Judge C.R. Magney State Park (Devil’s Kettle)
One of the coolest hikes along the North Shore, kids will love learning the science behind Devil’s Kettle. Not only is this moderate 2.0-mile out-and-back trail stunning, but it holds a long-kept secret that has stumped scientists for years. From the parking, head down the trail over the bridge. From the bridge, enjoy a view of the Brule River as it exits into Lake Superior. Enjoy listening for birds and identifying trees as you trek along the trail. There is also a lower falls that you can check out on the way to Devil’s Kettle. Expect about 190 stairs along the trail too.
Then, continue up the trail to Devil’s Kettle, a twin set of side-by-side waterfalls. Here is where the mystery is held! One cascade goes over the falls, while the other disappears into the rocks. Challenge kids to figure out where it goes. Curious hikers and scientists alike have thrown everything into the hole from ping pong balls to GPS trackers to find out where the water comes out. Only recently have scientists settled on a conclusion. After disappearing into the rocks, the water flows down a deep hole and later reenters the river from underground. As part of the Minnesota State Park system, an entrance fee or state park pass is required.
Magnetic Rock Trail
Another scientific marvel, Magnetic Rock Trail will thrill kids and adults alike. Located near the end of the Gunflint Trail, it is about an hour from downtown Grand Marais. There is a small parking lot near the trailhead of this moderate 4.3-mile out-and-back trail (as well as a latrine at the beginning of the trail). The hike twists and turns around boulders, streams, ancient lava flows, woods, and stretches of wildflowers. Along the trail, you can also enjoy several gorgeous vistas. The piece de resistance, however, is the 60-foot monolith at the end of the trail. Remember to bring a magnet and a compass to test it against this magnetic stone. This hike will take half a day for the experience (minimum), so plan accordingly. Trail Center At Poplar Lake and Poplar Haus Restaurant & Bar are the best lunch options with kids. There is no entrance fee.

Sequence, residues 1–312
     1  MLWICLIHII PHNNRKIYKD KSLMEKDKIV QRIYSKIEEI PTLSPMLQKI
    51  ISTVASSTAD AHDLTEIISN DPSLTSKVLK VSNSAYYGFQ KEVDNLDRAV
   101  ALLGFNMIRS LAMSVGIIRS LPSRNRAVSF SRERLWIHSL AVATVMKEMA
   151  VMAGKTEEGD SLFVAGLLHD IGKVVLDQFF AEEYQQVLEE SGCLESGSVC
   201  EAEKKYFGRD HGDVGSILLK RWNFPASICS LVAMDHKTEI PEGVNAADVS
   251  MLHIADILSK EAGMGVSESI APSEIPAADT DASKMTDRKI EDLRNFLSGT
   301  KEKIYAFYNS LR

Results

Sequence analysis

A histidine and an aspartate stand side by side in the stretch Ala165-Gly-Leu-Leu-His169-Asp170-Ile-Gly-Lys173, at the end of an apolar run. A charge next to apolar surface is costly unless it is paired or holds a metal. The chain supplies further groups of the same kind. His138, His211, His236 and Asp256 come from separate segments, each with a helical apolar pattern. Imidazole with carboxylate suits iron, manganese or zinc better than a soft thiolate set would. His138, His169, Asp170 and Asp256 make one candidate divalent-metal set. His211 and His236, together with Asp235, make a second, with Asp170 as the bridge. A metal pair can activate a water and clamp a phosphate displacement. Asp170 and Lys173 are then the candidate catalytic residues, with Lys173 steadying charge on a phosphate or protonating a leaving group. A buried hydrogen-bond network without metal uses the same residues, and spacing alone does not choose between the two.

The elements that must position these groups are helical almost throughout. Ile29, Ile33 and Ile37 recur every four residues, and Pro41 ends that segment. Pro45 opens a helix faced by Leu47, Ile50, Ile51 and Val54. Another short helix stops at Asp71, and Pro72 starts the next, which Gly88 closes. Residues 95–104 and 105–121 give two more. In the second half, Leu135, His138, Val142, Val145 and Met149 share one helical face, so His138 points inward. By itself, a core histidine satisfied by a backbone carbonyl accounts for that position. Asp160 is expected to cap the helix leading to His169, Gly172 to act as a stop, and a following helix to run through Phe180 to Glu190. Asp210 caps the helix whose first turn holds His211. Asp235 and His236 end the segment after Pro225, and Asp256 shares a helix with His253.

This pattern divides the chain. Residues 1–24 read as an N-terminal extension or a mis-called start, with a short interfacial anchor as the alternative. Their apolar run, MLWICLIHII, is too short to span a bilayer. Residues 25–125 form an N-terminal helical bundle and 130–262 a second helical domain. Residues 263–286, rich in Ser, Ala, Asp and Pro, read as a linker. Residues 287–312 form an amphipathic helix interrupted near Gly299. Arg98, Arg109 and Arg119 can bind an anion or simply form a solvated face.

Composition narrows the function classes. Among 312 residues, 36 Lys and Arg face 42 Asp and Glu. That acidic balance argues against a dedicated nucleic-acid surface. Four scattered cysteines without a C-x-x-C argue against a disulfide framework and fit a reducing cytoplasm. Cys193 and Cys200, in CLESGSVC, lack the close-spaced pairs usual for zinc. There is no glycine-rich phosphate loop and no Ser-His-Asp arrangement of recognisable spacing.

Other Notable Hikes for Your North Shore Itinerary
Need more fun hikes on Minnesota’s North Shore with kids to fill your itinerary? Consider these four additional notable hikes. First, north of Two Harbors, Fifth Falls and Superior Hiking Trail Loop is an easy 3.0-mile loop trail in Gooseberry State Park, offering a lovely chance to see waterfalls. Further up the North Shore, near Schoraoder, Temperance River Falls Loop is a moderate 3.3-mile loop trail in Temperance River State Park offering gorgeous views and a stunning waterfall.
Then, families looking for an easy boardwalk hike will adore High Falls Trail, a 1.1-mile out-and-back trail in Grand Portage State Park. It’s one of the best trails for strollers on the North Shore (although, there are stairs to the waterfall viewing platform). Finally, while technically not on the North Shore, Jay Cooke State Park offers a variety of family hikes and a scenic suspension bridge just south of Duluth. It’s a great Duluth itinerary hike, or pit stop to break up the long drive up the North Shore.
This week’s post about best hikes on Minnesota’s North Shore is written by Explorer Family Mom Antonia from @knead.to.roam. Thank-you for taking the time today to read this beautiful piece she has written for us!